> Silvia,
> I don't understand what you do mean when you say that audio and
> video need to be seperate elements so they can be formatted
> properly (the reason possibly being that I've never coded in Flash).
> But it's not "totally unclear what the content will be" if the author
> uses proper metadata (which can be mandated by the spec).
> Embedding metadata about external resources in tag names
> is abusing their purpose. It's especially bad when you don't even
> provide one element per MIME-type (like <model> and <text>).
>> Bjartur, I do wonder what exactly your motivation is in suggesting
>> audio and video be degraded back to undetermined embedded outside
>> content. What would be won by going back to that way? Lots will be
>> lost though - if you have ever developed a Website with Flash video,
>> you will know how much work is involved in creating a specific
>> JavaScript API to the Flash video player so that you can have some
>> interaction between the rest of the Webpage and the video or audio
>> resource. We honestly don't ever want to go back to that way.
> I'm not writing that you must throw <audio> and <video> out of the
> window. You should add a new element; <include>. That element
> will be a media element, might expose HTMLMediaElement (if it's
> not deemed to audio and video specific) or some subset/superset
> thereof. It will not put as much restrictions on what type of media
> may be linked to with it (and in specific: not require that media to be
> of certain MIME-type). If <audio> and <video> can't be generalized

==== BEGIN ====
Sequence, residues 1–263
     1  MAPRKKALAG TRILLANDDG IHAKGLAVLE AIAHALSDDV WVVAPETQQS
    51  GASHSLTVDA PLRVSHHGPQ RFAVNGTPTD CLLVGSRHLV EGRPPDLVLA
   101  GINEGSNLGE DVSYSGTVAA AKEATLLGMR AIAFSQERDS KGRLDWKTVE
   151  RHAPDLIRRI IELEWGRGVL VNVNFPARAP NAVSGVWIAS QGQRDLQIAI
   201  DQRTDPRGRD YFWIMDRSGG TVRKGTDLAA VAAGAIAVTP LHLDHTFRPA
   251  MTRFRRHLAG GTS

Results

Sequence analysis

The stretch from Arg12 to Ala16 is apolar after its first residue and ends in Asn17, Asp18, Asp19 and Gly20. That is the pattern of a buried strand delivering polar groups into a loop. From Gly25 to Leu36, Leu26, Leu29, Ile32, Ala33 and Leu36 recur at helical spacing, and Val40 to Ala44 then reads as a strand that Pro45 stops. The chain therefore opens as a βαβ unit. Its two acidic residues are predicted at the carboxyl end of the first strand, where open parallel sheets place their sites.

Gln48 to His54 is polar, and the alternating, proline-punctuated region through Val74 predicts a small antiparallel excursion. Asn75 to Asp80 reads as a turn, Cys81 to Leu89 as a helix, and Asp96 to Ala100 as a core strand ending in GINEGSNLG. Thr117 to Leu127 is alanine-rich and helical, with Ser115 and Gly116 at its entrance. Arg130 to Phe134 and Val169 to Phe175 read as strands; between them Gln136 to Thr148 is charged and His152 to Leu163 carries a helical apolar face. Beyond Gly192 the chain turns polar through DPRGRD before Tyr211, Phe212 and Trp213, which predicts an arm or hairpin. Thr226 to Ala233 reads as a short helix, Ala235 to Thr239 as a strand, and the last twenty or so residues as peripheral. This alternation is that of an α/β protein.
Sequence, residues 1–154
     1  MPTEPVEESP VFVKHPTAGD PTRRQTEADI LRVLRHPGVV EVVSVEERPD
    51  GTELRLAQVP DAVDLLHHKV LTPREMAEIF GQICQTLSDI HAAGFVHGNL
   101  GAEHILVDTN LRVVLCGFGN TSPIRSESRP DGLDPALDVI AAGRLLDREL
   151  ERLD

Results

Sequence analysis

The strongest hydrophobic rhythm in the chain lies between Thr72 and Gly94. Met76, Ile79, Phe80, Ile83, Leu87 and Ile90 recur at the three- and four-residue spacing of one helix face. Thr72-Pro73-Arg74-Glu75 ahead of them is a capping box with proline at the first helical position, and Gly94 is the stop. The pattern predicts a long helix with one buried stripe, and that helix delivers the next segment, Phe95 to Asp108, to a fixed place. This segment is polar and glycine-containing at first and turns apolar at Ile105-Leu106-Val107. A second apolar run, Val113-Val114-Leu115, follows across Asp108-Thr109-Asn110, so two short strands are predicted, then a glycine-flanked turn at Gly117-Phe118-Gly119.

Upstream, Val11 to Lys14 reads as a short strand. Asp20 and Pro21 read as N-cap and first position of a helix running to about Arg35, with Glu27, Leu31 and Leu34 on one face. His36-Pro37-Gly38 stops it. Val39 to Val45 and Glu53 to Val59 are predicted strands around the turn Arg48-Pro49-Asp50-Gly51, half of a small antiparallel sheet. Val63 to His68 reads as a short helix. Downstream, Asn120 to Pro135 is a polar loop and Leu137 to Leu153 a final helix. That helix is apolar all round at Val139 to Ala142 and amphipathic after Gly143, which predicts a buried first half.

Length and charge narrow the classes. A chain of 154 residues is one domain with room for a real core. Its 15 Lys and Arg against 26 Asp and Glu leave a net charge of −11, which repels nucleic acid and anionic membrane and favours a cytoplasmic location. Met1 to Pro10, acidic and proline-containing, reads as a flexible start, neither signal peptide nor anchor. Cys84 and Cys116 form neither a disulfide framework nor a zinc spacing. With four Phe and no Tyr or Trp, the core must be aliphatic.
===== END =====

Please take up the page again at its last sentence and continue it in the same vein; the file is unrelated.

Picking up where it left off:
> to expose some interfaces based on what the underlying media is
> capable of or throw exceptions when scripts try to do impossible things
> (like playing static/non-linear media or media that hasn't been loaded
> yet) than keep <audio> and <video>. Just don't make the features of
> those elements that don't require media specific scripting interfaces,
> like multiple alternative resources to those "first-class" media types.
> Allowing scripting "second-class" media types will be harder, as that will
> require telling scripts whether the media is seekable, play/pause able,
> possibly rotateable (though that may be a part of CSS), etc. If you also
> make the @type attribute optional, this has to be able to change when
> the type of media is established (and of course if the media fails to load).
> Even a simple use case like linking to the GPL and translations thereof
> isn't served well by the current spec. But using <include> or <media>
> it becomes a nobrainer to allow the user-agent to choose the preferred
> language and format or choose to index all of them or just the English
> HTML version, or do whatever it wants with this info.
> This can be used as payload/entity-body of a HTTP 300 and allows a UA
> to semantically understand all metadata embeddad in the document like
> @hreflang, @type, @charset and more, even for content that isn't video
> or audio. TSV would probably be better suited, but HTML should be capable
> of this as a hypertext markup language.

This all seems way too abstract - I think you are arguing for the
wrong case with the right reasons. But in any case, you should try and
make an example markup with your ideas and check if it really gives
you what you think it will. I have sincere doubts.